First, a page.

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Travels in Indonesia with children part 4 (Bandung)

This morning my husband left our apartment early in search of some special culinary treats for my birthday. He explored a huge covered marketplace bustling with vendors and customers and bulging with stalls of raw meat, fruit, vegetables, savory snack foods, clothes and other essentials. He returned triumphant with Lontong which is a local dish of rice, coconut soup, and meat. We set off with the hotel car for an adventure in Bandung and along the 1 hour drive there we saw small agricultural plots utilising every available part of the landscape, children playing football, a large gathering of families, myriad food stalls, some selling 1 liter glass bottles of petrol and hundreds of scooters.

Bottles of petrol for sale with other essentials

Bottles of petrol for sale with other essentials

It's common to see men hobbling along balancing a pole over their shoulder with large heavy wooden boxes on each end. These are self contained hawker food stalls and look very heavy.

It’s common to see men hobbling along balancing a pole over their shoulder with large wooden boxes on each end. These are self contained hawker food stalls and look very heavy.

Our first stop was the geological museum. Our driver spoke to the gate attendant then drove around and around the complex before dropping us off without telling us that it’s closed on Fridays! He doesn’t speak English so perhaps the thought of trying to explain that to us was too much but it would have been pretty handy to know that before he drove away and left us there. Fortunately the museum has some beautiful specimens in their garden so we spent an enjoyable 1/2 hour playing there before moving on.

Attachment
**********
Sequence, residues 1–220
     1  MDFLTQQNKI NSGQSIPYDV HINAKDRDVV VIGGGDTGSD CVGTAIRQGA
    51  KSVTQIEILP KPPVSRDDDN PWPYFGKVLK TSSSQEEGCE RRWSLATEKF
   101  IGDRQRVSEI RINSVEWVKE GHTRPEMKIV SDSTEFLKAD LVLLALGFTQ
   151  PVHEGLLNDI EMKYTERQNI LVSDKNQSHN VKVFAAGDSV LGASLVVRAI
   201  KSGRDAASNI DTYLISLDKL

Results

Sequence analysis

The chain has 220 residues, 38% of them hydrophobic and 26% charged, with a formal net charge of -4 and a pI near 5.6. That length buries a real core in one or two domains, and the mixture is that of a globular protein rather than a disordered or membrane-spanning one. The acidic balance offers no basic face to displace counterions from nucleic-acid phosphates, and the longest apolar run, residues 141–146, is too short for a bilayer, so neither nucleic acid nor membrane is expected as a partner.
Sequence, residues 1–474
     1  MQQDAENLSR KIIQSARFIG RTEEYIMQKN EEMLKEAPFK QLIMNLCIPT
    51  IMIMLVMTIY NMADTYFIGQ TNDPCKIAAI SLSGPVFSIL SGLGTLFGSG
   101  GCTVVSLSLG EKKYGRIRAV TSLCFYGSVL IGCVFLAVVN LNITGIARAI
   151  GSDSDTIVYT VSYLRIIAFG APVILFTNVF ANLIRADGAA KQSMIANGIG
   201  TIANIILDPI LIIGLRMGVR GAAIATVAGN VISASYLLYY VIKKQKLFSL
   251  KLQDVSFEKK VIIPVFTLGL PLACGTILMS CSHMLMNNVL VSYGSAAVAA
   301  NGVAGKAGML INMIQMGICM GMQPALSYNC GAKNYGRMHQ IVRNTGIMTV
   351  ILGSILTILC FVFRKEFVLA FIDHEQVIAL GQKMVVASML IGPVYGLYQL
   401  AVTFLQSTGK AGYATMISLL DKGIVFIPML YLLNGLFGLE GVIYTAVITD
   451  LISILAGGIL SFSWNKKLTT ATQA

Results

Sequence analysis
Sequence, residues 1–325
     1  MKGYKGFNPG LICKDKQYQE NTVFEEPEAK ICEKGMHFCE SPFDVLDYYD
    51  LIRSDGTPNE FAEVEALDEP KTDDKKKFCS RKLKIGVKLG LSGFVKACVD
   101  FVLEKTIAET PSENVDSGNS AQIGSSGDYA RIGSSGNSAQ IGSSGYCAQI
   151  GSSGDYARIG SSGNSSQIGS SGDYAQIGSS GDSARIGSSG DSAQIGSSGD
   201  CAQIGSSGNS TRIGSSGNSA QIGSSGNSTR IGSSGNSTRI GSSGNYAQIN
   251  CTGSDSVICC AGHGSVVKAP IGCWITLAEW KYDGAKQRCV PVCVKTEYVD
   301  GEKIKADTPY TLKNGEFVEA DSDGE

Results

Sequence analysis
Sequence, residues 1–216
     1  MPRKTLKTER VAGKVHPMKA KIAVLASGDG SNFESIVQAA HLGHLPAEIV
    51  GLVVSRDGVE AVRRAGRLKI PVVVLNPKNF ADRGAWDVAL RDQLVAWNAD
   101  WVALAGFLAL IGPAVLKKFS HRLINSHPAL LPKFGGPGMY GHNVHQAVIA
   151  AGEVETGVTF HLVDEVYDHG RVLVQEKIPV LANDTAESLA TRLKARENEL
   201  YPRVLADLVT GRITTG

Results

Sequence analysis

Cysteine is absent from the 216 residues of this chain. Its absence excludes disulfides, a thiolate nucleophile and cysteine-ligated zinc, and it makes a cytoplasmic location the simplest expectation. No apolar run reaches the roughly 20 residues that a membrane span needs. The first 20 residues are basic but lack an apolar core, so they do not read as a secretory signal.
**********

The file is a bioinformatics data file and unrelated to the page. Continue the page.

Beautiful fossilized wood

Beautiful fossilized wood



Look at the size of that jasper!

Look at the size of that jasper!

Next we set off to find the Postal Museum using the address listed on Trip Advisor. We passed a locked park, a flea market, a large plant nursery, lots of houses and nice leafy streets. We reached the address and realised that Trip Advisor had it wrong again so we turned around and traipsed back again but this time we were assisted by a lovely Indonesian woman who saw us turning around in circles and rushed out to help us. We watched a group of teenage school girls standing on the basketball court trying to format a human pyramid but slipping and dropping the 3 girls onto the asphalt. We stopped at a fancy café for some delicious strawberry juice and a tiny but tasty birthday cake.


Happy birthday to me!


Plant nursery in a leafy street


Flea Market

As part of my job I travel to the Middle East and wear head scarves while there out of respect for the culture and to help me to blend in. In Pulau Penang I bought one of the clever Malaysian hijabs that’s an all in one ensemble and very quick and easy to put on and take off. After attracting so much attention in the last few days I decided to wear it today. I was pleased to find that I was a comfortable temperature despite the warm and humid weather. Interestingly I attracted just as much attention but this time drew calls of ‘Muslim, madam’ and was greeted numerous times with the traditional Arabic greeting which I automatically returned (I’m learning Arabic).